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I have found a nice mental health recovery-oriented website that sells inspirational posters. Here are a few samples I want to share with you. Enjoy! 😉

See more at www.recoverresources.com

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Today, as we honor Martin Luther King, Jr., let us remember that struggle is common to all, even though we are not always fighting the same fight. Whether you fight for justice in the outer world or fight for peace in the inner world, the words of those who have traveled a similar path of suffering can inspire us to never give up. So I share with you some quotes from the great man himself:

Martin Luther King, Jr.

Martin Luther King, Jr. (Photo credit: Wikipedia)

“Darkness cannot drive out darkness; only light can do that. Hate cannot drive out hate; only love can do that.”

“Faith is taking the first step even when you don’t see the whole staircase.”

“We must develop and maintain the capacity to forgive. He who is devoid of the power to forgive is devoid of the power to love. There is some good in the worst of us and some evil in the best of us. When we discover this, we are less prone to hate our enemies.”

“We must accept finite disappointment, but never lose infinite hope.”

“An individual has not started living until he can rise above the narrow confines of his individualistic concerns to the broader concerns of all humanity.”

“Every man must decide whether he will walk in the light of creative altruism or in the darkness of destructive selfishness.”

“We must learn to live together as brothers or perish together as fools.”

Read more at http://www.brainyquote.com/quotes/authors/m/martin_luther_king_jr.html#bJZ8YODRHLiMc7RA.99

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Here is an inspiring story from Prevention Magazine:

What It Takes To Get Through Tough Times

How a little advanced gratitude can change everything
By Denise Foley

Gratitude changes everything

Gratitude changes everything (Photo credit: symphony of love)

When the editorial cartoonist Marshall Ramsey put together a list of things he was grateful for, his two Pulitzer Prize nominations didn’t make the cut. In fact, even he admits his gratitude inventory sounds a little crazy: his first job after college as a high school janitor; the recession that forced him into part-time work; a melanoma diagnosis; all the people who didn’t believe in him.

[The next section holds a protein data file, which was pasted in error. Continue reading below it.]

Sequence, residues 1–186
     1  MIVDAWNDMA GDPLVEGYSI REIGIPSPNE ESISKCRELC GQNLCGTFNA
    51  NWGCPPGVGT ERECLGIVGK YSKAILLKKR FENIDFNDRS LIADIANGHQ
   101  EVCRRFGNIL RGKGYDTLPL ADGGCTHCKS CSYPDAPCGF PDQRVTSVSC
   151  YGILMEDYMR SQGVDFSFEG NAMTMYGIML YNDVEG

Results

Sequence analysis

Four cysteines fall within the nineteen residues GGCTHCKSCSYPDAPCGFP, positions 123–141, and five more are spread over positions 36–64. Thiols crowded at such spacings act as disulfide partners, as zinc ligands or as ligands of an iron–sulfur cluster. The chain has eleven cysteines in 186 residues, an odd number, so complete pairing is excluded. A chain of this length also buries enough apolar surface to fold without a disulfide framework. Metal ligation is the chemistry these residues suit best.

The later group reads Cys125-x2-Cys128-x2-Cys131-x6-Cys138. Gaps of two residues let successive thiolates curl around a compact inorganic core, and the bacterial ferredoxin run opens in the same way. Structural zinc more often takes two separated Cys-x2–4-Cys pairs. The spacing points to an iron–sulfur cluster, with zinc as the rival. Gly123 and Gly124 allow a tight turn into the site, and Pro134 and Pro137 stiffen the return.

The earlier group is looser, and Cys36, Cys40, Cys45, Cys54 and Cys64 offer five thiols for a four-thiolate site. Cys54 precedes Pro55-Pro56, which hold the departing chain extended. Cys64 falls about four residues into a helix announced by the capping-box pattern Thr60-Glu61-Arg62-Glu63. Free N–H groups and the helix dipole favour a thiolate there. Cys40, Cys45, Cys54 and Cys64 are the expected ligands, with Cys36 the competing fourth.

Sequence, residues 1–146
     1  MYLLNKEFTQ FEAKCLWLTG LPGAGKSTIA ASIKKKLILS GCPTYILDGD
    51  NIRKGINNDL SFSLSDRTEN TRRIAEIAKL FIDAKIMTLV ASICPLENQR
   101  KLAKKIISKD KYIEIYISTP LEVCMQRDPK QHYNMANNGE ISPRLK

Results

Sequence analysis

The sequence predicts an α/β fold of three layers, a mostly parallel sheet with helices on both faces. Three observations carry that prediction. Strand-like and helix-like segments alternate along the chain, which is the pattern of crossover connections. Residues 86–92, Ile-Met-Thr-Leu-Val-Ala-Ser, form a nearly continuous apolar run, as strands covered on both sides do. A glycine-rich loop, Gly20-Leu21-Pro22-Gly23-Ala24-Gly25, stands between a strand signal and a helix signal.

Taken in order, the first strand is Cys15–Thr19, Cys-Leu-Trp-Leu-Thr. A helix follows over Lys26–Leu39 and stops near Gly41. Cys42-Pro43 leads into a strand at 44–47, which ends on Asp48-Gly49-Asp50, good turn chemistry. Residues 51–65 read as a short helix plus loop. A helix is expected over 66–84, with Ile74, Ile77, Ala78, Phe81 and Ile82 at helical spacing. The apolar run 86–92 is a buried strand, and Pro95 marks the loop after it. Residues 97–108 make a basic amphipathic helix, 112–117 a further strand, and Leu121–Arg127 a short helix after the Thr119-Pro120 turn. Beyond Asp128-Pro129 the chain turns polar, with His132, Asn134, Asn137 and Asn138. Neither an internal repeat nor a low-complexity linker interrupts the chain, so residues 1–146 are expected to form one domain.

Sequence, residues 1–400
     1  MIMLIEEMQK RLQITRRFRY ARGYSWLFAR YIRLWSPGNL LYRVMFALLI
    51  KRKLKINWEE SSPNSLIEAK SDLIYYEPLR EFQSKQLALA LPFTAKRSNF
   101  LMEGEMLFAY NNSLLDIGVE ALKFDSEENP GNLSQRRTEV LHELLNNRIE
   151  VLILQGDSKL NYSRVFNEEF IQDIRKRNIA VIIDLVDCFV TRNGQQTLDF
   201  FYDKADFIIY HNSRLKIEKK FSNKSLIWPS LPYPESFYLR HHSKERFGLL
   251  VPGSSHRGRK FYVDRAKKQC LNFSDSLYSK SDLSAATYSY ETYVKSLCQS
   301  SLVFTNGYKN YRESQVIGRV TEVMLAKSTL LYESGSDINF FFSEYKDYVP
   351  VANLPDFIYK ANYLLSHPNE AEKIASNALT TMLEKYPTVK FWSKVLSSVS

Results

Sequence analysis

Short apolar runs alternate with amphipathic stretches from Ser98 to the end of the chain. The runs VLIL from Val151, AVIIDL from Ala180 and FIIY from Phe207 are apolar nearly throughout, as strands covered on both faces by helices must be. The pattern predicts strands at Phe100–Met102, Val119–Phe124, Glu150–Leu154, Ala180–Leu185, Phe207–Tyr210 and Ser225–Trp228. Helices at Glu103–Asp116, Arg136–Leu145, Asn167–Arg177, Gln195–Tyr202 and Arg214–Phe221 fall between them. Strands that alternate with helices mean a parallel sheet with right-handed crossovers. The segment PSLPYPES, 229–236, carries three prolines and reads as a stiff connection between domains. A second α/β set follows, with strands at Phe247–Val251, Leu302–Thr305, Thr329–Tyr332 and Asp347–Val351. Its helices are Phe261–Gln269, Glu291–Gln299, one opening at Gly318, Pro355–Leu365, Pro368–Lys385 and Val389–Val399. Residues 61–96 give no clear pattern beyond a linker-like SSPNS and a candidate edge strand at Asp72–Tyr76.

Every one of those terrible twists, he explains, was responsible for a blessing. That job led him to his future wife, the daughter of a fellow janitor; getting laid off gave him the time to launch a second career in book illustration and radio; and his cancer diagnosis spurred him to help save hundreds of lives by organizing a series of runs to raise melanoma awareness. And all those naysayers? Let’s just say they were the ill winds beneath his wings.

“A good analogy is if you’re canoeing downstream and you hit a rock, it can either sink you or push you in another direction,” says Ramsey. “If you choose the other direction, it’s a blessing.”

Ramsey is a prime example of what might be called advanced gratitude: the ability to identify and appreciate the bad events in your life because of what you’ve gained from them. It’s far from a rare experience. Studies have found that gratitude is a prevailing, if counterintuitive, emotion among breast cancer survivors, people with spinal cord injuries, and post-9/11 Americans.

Clearly, you don’t become grateful for difficulties overnight (and rarely in the throes), but once you do, you’re privy to some amazing alchemy that will allow you to heal what hurts and see the victory that’s often at the center of every seeming defeat. It also boosts what one leading expert calls your psychological immune system, and it may even physically alter your brain so that gratitude isn’t just something you feel occasionally but guides how you approach life.

And it all starts with making a habit of appreciating what you have, what you’ve lost, and what your life would be like if fate hadn’t nudged you this way or that. Here are three steps to work your way into advanced gratitude…Read more here..

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Hug-O-War

I’d rather play at Hug-O-War

Then have to play at Tug-O-War

Where everyone hugs

And rolls on rugs

And everyone laughs

And smiles and grins

And nobody loses ’cause

Everyone wins!

*Author Unknown*

Have you had your quota of hugs today? 😉

hug o' war sm

hug o’ war sm (Photo credit: newwavegurly)